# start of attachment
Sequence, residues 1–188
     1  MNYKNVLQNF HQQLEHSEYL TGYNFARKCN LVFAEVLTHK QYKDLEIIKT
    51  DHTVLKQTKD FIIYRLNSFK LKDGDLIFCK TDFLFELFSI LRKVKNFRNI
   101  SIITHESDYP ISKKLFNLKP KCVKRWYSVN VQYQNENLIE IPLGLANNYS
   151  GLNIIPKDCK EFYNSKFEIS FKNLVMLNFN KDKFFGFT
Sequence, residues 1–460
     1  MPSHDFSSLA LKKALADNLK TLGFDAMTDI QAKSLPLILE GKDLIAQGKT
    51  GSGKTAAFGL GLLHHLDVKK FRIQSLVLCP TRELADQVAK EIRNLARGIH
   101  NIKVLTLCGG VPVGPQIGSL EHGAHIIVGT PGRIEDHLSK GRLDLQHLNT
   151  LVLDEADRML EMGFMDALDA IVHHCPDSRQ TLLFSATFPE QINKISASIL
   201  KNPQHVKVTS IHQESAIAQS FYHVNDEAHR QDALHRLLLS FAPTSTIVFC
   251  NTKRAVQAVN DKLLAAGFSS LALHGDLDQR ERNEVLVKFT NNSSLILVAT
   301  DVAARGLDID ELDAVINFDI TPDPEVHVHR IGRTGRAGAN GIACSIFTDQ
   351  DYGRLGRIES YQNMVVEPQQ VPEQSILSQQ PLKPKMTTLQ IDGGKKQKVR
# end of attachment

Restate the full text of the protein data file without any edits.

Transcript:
Sequence, residues 1–188
     1  MNYKNVLQNF HQQLEHSEYL TGYNFARKCN LVFAEVLTHK QYKDLEIIKT
    51  DHTVLKQTKD FIIYRLNSFK LKDGDLIFCK TDFLFELFSI LRKVKNFRNI
   101  SIITHESDYP ISKKLFNLKP KCVKRWYSVN VQYQNENLIE IPLGLANNYS
   151  GLNIIPKDCK EFYNSKFEIS FKNLVMLNFN KDKFFGFT
Sequence, residues 1–460
     1  MPSHDFSSLA LKKALADNLK TLGFDAMTDI QAKSLPLILE GKDLIAQGKT
    51  GSGKTAAFGL GLLHHLDVKK FRIQSLVLCP TRELADQVAK EIRNLARGIH
   101  NIKVLTLCGG VPVGPQIGSL EHGAHIIVGT PGRIEDHLSK GRLDLQHLNT
   151  LVLDEADRML EMGFMDALDA IVHHCPDSRQ TLLFSATFPE QINKISASIL
   201  KNPQHVKVTS IHQESAIAQS FYHVNDEAHR QDALHRLLLS FAPTSTIVFC
   251  NTKRAVQAVN DKLLAAGFSS LALHGDLDQR ERNEVLVKFT NNSSLILVAT
   301  DVAARGLDID ELDAVINFDI TPDPEVHVHR IGRTGRAGAN GIACSIFTDQ
   351  DYGRLGRIES YQNMVVEPQQ VPEQSILSQQ PLKPKMTTLQ IDGGKKQKVR